On July 1, 2016, the current National Air and Space Museum (NASM) building, covered with a Tenessee pink marble façade and recessed glass bays, celebrated its 40th anniversary. For this, NASM reopened its central exhibition, the Boeing Milestones of Flight Hall, and hosted various events including greetings from Mars and from International Space Station, and overnight birthday party. However, the story to find the logical home for Smithsonian’s air and space collection has a much longer history.
Right after the National Air Museum Bill in 1946 to build the National Air Museum (NAM) as a separate bureau of the Smithsonian, the Advisory Board of the NAM looked for suitable place for “a shrine for American Aviation.” At first, they preferred a spacious area in a Washington suburb, such as Arlington Farm and Theodore Roosevelt Island, to display a maximum of 200 full-size aircraft and to include an outdoor amphitheatre for ceremonials. The proposed building plan in the report by Public Buildings Administration, completed in June 1949, suggested how NAM could commemorate the American heritage of aviation technology beginning with the Wright Brothers. Among three main exhibit halls, the “Wright Brothers Memorial” was the primary attraction. To commemorate the first flight in history, the gallery was designed to depict the local atmosphere of Kitty Hawk in 1903 placing it in a cyclorama enclosed in glass, surrounded by a rotunda.
However, as the proposed Arlington Farm site became unavailable because of the extension of Arlington Cemetery, the Advisory Board of the NAM needed to find another place. The new Secretary of the Smithsonian, Leonard Carmichael, and the Advisory Board of the NAM created a new momentum to locate NAM close to the other Smithsonian buildings on the National Mall for “the maximum service to the millions of visitors who will want to see this museum.” After a series of meetings, the Smithsonian Board of Regents allocated a site to the NAM bounded by Independence Avenue on the north, 9th Street on the east, 12th Street on the west, and C Street on the south. Accordingly, a new building design, called the “wine glass,” was developed in 1955 by the New York architectural firm of McKim, Mead, and White. The proposed site, however, caused a conflict with another plan for the redevelopment of southwest Washington, known as the Zeckendorf plan.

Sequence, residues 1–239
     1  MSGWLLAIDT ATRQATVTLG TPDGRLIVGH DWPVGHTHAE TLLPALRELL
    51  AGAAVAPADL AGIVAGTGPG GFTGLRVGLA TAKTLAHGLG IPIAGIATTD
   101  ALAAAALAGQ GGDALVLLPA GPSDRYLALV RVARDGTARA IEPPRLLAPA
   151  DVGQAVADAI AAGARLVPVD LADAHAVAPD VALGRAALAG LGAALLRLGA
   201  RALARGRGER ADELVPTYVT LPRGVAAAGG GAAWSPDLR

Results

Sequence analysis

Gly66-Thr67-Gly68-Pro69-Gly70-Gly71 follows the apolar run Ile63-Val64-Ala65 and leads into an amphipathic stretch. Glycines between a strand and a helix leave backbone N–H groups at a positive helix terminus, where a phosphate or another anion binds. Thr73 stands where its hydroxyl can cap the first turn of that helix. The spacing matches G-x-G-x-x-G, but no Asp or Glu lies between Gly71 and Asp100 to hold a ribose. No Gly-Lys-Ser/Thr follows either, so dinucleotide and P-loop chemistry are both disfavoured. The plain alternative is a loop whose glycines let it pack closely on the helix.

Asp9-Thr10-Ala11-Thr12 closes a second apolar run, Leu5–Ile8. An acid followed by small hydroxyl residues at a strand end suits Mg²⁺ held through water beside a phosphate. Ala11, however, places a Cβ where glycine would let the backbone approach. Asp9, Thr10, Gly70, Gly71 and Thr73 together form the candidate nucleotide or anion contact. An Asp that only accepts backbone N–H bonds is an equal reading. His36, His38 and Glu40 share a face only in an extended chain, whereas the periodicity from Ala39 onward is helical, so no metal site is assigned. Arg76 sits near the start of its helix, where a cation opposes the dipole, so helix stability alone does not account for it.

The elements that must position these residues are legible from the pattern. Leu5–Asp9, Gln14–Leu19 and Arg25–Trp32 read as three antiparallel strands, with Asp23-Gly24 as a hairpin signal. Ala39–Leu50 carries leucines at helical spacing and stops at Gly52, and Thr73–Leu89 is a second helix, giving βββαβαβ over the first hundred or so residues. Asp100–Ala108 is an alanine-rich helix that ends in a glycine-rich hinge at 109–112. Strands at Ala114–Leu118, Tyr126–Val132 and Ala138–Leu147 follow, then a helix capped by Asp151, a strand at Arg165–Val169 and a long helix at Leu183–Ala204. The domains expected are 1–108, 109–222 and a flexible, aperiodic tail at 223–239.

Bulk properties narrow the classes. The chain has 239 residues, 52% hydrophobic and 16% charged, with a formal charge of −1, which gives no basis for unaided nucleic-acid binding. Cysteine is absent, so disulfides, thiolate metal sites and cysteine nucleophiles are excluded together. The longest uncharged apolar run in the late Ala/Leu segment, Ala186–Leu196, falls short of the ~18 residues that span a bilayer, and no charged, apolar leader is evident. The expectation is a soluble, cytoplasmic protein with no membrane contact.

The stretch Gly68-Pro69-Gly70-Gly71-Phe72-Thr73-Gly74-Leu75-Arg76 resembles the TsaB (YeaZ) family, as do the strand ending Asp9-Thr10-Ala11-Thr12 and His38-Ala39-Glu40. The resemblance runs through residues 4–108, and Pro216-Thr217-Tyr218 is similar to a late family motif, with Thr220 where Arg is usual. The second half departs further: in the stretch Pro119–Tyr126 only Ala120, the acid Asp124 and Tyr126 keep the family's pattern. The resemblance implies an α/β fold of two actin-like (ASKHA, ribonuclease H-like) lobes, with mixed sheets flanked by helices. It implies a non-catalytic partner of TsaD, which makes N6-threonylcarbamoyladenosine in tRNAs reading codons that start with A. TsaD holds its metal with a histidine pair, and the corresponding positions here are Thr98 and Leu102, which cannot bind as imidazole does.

Finally, the current location, bounded by 4th and 7th Streets, Independence Avenue, and Jefferson Drive, was authorized in June, 1958, after a hearing on a competing bill of the planned National Capital Center of the Performing Arts, which was proposed for the same site as the NAM. Thus, NAM had to redesign the building plan to fit in the new site. In the meantime, the launch of Sputnik in 1957 and the subsequent emergence of the Space Age changed the narrative of the NAM. The Smithsonian began collecting space artifacts, including a display of rockets and missiles known as “rocket row”, and the NAM changed its name to the NASM in 1966 by adding “Space” to the name. The new building design also reflected this change. Two transitional designs by Harbeson, Hough, Livingston, & Larson in 1962 and Hellmuth, Obata & Kassabaum in 1964 included the rocket collection, and was dubbed “A Museum for the Space Age.”
The current NASM building was finally developed in 1972 by Gyo Obata of Hellmuth, Obata & Kassabaum after the long struggle for the appropriation for the building construction of $40 million USD. Now, the 40-year old NASM, which has welcomed hundreds of millions of people, is planning another revitalization with a complete overhaul of inside and outside the building in order, which will write a new history of the most visited museum in the country.
- History of the National Air and Space Museum, Smithsonian Institution Archives